Yesterday I wrote a part 1 of a blog post regarding a Nature paper from October 2013. You might want to check out that post before reading this one.
These two posts review/critique the paper "Thermal maps of gases in heterogeneous reactions" by Jarenwattananon et al.
My post yesterday was an attempt to review the publication. I tried to minimize my comments and let the authors speak for themselves. Today I plan to air my grievances and concerns about this paper.
Before I begin I want to note that this paper got tons of press. For example ..
With so much attention, I'm sure my puny critiques will not be too rough for Jarenwattananon and co-workers. I will divide them into three categories: accuracy, precision and sources of error.
In the body of the paper the authors state "The disagreement between NMR-derived temperatures and fibre-optic sensor measurements was at most 4%." In the abstract they say "measurement error [is] less than four per cent of the absolute temperature." I feel that it a bit misleading use agreement with external temperature sensors as a metric of accuracy.
Drill down into the paper and really ask yourself "what is the limit of accuracy in the temperature measurement?" It has to be how accurately you can measure line widths of the analyte. For example, Fig 1c shows data and Lorentzian fit for propylene in temperature calibration experiment.
Look carefully and tell me, what is the smallest line width difference you think that you can assess on such a spectrum? Could you distinguish two spectra with line widths that differ by 1 Hz, 5 Hz or 10 Hz? By inverting the linear equation (I'll use calibration curve for PtNP) , it is possible to calculate how much the temperature changes if line width changes by 1, 5 or 10 Hz.
T = 1 Hz / 0.16 Hz K^-1 = 6.25 K
T = 5 Hz / 0.16 Hz K^-1 = 31.25 K
T = 10 Hz / 0.16 Hz K^-1 = 62.5 K
4% of 400 K is 16 K, so the authors seem to acknowledge an accuracy of line width measurement of about 3 Hz. I question if they can really measure the line width so accurately. If the error is closer to +/- 25 K, then their false color thermal maps, particularly on the microreactor in Fig. 4b, could be quite misleading.
In the caption for Fig. 1 and 3, the authors state that "temperature calibrations were performed for over 30 different systems." and "thermal maps were generated for more than 15 systems." How much do the results vary from system-to-system? Are these variations an indication of the variation in each reactor or the precision of the measurement. If you repeat the calibration or mapping experiment several times how much variation would you see?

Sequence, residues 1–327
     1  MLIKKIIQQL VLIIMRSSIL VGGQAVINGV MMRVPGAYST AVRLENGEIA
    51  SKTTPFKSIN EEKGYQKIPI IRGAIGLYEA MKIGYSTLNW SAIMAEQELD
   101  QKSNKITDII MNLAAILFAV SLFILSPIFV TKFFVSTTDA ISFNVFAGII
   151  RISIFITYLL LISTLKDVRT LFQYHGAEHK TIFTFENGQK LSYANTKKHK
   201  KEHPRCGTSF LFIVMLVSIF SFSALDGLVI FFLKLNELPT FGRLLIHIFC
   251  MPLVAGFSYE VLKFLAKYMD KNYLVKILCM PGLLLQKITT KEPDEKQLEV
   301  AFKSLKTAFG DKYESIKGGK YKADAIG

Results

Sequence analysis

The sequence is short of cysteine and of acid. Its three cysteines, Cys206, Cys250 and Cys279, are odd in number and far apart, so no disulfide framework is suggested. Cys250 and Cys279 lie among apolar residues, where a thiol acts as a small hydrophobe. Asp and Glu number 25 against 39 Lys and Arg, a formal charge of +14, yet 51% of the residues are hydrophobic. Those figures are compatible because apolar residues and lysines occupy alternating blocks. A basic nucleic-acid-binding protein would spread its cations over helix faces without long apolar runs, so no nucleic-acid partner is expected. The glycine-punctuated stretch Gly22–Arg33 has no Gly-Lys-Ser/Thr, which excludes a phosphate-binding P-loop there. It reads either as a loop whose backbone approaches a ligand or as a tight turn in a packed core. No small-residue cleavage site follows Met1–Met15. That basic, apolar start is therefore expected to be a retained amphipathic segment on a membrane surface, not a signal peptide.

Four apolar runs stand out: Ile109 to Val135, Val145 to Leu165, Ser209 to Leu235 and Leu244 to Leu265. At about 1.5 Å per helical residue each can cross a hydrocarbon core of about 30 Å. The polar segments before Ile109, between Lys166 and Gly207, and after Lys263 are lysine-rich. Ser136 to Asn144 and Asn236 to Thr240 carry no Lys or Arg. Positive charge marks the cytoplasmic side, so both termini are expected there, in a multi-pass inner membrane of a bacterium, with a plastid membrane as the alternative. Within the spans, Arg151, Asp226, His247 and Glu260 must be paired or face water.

#3) Sources of error
I think of this experiment as almost an anti-DOSY. In this experiment, the NMR signal in the presence of a gradient is sharpened not attenuated by molecular motion. I surmise that this experiment works because gas molecules at elevated temperatures diffuse fast enough average gradients. The problem as I see it is that this experiment only works if everyone agrees that the only factor that impacts the line widths is molecular motion. You could fool yourself and think you see a cool spot if regions of the sample have any reason other than the gradient to have broad lines. Some examples that spring to mind with heterogeneous catalysts is local concentration of paramagnetic substances.
A related issue that troubles me is that the slope of the calibration curve (deltaF vs. T) is different for the two catalysts (PtNP and Pd-MOF). I don't understand why. It seems like if gradient-induced line width is narrowed by motional averaging (which is related to T) the specific catalysts should not matter. Why is deltaF equal to -87 Hz at 400 K and G equals 0.05 G cm^-1 for PtNP and -79 Hz for Pd-MOF. Either the material impacts the line width (which is clearly what the authors think) or these values represent errors in line width measurement.
In the end, I really love this paper. It really made me think about stuff I don't get to think about too much line mean free path and the Maxwell distribution. I get persnickety about a few issues, but you shouldn't let me distract you from the unprecedented view into reactor energetics this new NMR thermometry technique offers.